ABC News' Bianna Golodryga and Natasha Singh report:
The world of yoga keeps stretching to new extremes. There's aerial yoga, hot yoga and even karaoke yoga. Now the latest craze is yoga for the face.
Instead of the downward dog or warrior poses of traditional yoga, this new trend involves contorting the face into a variety of expressions, including the "lion face," "fish face" and "satchmo."
Facial yoga is designed to be a natural, non-invasive alternative to the Botox, fillers and plastic surgery that Americans pay millions of dollars for every year, and its proponents claim the facial exercises can help keep people looking younger.
Facial yoga was developed by Annelise Hagen, of New York Yoga, who wrote a book on mastering what she calls the ultimate facelift. In an interview with " Good Morning America," Hagen explained that there's an actual technique to making the faces.
"If you just made weird squirmy faces randomly you'd get more wrinkles," she said. "We're trying to tone and lift the muscles of the face. It's been scientifically proven that the muscular activity helps to prolong the production of collagen and elastin, which makes your face firm and springy."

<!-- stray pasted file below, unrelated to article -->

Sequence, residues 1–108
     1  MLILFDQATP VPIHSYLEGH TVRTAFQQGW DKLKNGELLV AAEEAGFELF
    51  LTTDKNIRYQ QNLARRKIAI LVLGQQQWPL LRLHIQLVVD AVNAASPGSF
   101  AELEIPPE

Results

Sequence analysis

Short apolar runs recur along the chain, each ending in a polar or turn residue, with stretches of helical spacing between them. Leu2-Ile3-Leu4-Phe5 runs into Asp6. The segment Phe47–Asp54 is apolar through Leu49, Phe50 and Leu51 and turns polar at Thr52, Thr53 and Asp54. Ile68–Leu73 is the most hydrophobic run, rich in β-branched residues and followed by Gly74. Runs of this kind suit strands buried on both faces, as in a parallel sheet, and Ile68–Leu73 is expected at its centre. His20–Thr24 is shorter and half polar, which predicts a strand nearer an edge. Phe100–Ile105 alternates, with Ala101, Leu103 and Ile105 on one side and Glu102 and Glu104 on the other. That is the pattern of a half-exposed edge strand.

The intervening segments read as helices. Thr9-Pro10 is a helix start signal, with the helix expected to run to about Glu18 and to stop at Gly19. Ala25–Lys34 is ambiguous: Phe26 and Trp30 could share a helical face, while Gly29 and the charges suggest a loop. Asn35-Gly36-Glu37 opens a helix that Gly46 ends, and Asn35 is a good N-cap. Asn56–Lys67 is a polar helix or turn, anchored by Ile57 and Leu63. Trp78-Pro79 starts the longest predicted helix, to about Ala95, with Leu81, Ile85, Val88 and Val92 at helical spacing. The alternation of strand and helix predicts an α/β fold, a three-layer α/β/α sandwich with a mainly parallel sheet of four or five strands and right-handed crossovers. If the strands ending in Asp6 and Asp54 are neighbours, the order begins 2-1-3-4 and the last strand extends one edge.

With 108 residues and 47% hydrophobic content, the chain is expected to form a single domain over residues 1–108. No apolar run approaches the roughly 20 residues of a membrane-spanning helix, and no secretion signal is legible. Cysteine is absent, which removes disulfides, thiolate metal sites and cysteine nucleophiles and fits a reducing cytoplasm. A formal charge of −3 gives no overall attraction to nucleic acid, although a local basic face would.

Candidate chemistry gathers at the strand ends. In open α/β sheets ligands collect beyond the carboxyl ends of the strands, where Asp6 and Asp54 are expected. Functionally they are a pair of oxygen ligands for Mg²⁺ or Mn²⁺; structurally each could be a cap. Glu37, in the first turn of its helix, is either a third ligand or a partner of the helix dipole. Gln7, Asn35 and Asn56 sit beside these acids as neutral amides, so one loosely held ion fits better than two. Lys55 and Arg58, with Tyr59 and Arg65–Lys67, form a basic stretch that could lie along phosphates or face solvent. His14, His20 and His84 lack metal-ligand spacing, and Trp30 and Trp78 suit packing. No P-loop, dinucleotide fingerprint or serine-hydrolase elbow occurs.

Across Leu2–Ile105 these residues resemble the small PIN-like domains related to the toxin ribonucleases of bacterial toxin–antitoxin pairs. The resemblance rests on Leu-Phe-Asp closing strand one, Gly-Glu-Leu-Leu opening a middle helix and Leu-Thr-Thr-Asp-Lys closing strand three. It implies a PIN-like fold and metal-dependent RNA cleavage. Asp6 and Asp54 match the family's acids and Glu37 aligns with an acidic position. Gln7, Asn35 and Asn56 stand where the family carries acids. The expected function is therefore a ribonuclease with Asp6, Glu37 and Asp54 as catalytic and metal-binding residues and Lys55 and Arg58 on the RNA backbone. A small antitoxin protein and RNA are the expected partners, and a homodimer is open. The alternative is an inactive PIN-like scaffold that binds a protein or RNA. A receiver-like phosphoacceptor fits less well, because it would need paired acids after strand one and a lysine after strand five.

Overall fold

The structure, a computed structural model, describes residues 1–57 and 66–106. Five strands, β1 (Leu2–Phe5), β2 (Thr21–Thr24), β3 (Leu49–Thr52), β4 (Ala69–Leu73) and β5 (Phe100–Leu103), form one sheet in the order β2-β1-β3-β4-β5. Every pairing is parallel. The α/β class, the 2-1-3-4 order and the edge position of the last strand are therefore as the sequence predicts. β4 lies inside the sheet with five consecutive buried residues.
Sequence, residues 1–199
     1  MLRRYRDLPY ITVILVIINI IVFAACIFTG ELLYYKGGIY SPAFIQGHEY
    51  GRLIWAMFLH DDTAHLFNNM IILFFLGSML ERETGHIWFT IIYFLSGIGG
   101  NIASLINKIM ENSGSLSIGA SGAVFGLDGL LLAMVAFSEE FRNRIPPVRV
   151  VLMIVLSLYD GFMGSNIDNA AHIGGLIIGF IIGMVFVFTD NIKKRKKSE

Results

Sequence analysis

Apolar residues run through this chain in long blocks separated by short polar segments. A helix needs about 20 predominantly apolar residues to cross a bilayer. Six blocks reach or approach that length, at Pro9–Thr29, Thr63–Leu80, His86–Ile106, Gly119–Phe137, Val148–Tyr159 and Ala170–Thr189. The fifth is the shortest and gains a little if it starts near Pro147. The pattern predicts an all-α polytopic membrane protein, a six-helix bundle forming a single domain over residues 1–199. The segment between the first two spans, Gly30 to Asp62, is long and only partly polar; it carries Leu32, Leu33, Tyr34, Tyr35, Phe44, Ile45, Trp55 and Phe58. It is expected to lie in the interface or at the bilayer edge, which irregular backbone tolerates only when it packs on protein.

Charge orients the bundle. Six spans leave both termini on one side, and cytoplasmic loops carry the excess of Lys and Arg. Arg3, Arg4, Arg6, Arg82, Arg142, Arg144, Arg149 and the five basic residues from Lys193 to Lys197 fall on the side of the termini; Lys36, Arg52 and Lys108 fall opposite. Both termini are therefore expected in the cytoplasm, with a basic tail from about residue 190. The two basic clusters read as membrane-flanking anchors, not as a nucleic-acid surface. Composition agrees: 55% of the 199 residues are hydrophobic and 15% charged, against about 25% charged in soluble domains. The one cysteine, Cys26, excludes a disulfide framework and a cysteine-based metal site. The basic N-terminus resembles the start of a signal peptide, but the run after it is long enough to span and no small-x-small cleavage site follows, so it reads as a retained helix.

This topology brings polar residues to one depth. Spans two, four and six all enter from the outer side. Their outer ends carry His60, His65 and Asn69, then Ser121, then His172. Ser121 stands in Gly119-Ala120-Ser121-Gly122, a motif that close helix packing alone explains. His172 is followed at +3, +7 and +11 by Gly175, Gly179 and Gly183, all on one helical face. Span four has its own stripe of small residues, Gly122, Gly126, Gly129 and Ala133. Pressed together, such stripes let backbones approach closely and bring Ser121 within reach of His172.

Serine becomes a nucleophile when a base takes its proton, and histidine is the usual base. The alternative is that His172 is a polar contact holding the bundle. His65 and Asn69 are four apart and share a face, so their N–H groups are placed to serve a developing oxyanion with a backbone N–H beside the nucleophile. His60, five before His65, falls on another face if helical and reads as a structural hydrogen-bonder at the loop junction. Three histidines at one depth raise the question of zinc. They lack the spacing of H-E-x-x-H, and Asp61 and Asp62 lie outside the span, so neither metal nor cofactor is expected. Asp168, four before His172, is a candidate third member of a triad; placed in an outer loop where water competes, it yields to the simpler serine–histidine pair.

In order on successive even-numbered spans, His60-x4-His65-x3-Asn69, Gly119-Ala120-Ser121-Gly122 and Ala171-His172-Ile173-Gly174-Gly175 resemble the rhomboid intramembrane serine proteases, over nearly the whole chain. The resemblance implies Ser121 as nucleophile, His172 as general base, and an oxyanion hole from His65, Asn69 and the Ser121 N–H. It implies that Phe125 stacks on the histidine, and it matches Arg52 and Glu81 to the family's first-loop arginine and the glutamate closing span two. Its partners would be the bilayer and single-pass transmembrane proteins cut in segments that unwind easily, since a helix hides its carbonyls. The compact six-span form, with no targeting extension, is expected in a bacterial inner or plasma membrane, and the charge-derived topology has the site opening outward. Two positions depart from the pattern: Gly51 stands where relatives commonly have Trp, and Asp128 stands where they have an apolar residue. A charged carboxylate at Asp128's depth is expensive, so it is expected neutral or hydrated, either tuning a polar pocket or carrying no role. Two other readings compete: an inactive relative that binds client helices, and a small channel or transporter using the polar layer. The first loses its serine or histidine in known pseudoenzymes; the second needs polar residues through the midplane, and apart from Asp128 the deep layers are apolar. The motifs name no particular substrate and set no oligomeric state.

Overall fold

Hagen says facial yoga allows people to guide the way their face ages from the inside out.
Dr. Neil Sadick, who is the go-to dermatologist to some of the stars of " The Real Housewives of New York," actually recommends yoga for the face to his patients, saying it promotes collagen production.
Face yoga stimulates muscles, Sadick said, adding that "although there's not great science around it compared to other technologies like chemical peels or Botox, we know that by stimulating any component of your face like your muscles you're going to have a beneficial effect in terms of your overall appearance."
Jan O'Connell is a yoga and pilates instructor who's now offering face yoga at Smart Workout in New York because she says the demand for it has increased tremendously.
"I think everyone has been saying that they feel more relaxed, a little more calm, also they'll leave with a little bit of a rosy glow, maybe a little bit more of a lift in the eyes, and plus you have fun," O'Connell told "GMA." "You make a lot of funny faces at your neighbor or at yourself in the mirror. And we have a good time."
The various faces have specific benefits. For example, the "fish face" firms the cheeks and lips, while the "bumblebee" affects the cheeks, lips and jaw. The "satchmo" targets the cheeks, and the lion face is supposed to stretch all the facial muscles and release tension, Hagen said.